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Using network television programming as an example, the results of feminism (or the women's movement as some call it) were evident in the 1980s as some character roles for women did show the effects of feminism, though an upward momentum toward improvement did not continue unchecked.
In the 1980s a dominant feature of prime time (evening) television was the newly innovated prime-time soap operas with titles such as Dallas ("Who killed JR?"), Knott's Landing (where glamorous Abby and Valene fight over dashing Gary Ewing) and Dynasty (with John Forsythe caught between Linda Evans and Joan Collins). The women's values these shows represented seemed centered around material wealth, while their ethics centered around claiming the man of their aspirations. Yet the women had dominant roles as family focal- and power-points and as schemers.
In the mid-1980s some of this scheming shallowness changed, probably through lobbying by the National Commission on Working Women (NCWW). 1984 was a particularly notable year due to the launch and continuation of Kate & Alley and Cagney and Lacey, respectively. In addition, Hill Street Blues put forth some strong female characters including Joyce Davenport, J.D. (lawyer).
In addition, made-for-televisions movies provided exposes of the social and cultural issues oppressing women, such as spousal abuse (which seems now to be more widespread). The NCWW labeled 1985, though, as a year of decline as detective shows returned women to victimized roles with women who had no power or voice to use in their own behalf.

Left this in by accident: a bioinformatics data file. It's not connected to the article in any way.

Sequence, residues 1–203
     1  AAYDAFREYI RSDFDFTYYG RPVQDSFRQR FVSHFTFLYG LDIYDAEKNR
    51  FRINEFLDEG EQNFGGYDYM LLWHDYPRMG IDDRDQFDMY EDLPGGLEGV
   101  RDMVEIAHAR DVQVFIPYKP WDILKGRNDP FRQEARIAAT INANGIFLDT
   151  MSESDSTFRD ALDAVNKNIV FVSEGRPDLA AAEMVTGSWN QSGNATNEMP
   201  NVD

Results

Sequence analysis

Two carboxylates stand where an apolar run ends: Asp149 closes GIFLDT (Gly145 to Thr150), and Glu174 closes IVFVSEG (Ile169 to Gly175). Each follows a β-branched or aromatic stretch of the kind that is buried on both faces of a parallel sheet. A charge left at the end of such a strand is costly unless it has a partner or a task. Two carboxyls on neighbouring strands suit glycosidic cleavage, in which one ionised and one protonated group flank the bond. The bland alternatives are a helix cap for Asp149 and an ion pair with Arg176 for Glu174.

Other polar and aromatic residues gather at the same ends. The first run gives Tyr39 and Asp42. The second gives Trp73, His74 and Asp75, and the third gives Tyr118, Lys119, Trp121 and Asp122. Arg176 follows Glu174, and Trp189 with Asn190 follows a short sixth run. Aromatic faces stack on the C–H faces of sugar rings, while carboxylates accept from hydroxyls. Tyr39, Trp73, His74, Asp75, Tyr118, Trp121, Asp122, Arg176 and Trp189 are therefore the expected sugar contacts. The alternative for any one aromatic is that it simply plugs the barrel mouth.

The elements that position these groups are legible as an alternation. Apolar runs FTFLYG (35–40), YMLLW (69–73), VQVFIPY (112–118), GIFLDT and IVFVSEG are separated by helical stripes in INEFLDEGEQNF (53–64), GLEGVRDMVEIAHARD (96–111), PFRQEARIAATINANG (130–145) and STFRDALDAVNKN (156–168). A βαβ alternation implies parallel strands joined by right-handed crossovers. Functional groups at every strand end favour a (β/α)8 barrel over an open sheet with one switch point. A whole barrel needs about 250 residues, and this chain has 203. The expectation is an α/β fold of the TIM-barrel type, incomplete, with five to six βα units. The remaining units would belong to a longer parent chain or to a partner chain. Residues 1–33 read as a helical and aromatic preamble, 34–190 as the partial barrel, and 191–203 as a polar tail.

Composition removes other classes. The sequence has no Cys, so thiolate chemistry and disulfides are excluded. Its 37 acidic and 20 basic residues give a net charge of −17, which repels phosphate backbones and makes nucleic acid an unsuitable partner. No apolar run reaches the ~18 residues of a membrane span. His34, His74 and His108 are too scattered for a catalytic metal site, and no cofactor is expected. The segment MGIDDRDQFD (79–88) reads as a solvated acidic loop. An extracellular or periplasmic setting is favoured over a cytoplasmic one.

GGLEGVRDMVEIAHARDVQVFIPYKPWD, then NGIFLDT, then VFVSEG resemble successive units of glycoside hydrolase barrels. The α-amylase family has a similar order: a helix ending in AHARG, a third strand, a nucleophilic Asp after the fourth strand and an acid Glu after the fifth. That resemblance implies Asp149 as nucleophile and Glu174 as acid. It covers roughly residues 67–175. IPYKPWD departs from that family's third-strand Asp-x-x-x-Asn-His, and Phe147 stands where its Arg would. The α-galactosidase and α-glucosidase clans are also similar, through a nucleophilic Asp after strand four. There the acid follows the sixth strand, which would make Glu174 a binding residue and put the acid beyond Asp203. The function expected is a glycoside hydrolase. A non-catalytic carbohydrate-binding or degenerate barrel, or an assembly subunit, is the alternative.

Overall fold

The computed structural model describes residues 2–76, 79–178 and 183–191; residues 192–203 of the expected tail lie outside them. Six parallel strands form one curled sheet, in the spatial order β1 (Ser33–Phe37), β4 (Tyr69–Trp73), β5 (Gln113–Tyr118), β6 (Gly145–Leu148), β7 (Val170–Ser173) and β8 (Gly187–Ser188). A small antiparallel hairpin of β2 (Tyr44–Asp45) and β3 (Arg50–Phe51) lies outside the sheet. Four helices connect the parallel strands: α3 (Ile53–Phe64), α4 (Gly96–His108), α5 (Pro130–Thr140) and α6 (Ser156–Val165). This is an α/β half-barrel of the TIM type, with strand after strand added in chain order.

After 1985, though, there were a number of shows that represented marginalized women in American society. The prime, and best loved, example of shows featuring marginalized groups of women and their issues was The Golden Girls.
In summary, while glamour and material desire followed the image of women into the 1980s in television, even the glamorous women were shown as being able to dominate, out-think and out-smart men while leading families and companies (which is how they got the wealth to be so glamorous). The image of glamor gave way to the image of ordinary well educated and successfully career oriented women, or divorced women with children, who found themselves able to fend and speak for themselves.
The image of women further showed the effects of feminism by depicting them with power and a voice, an image that was strengthened on serious shows like Hill Street Blues. The feminist themes of strength and voice then extended to images of marginalized women struggling to succeed within their darker spheres of action, like in Roseanne.
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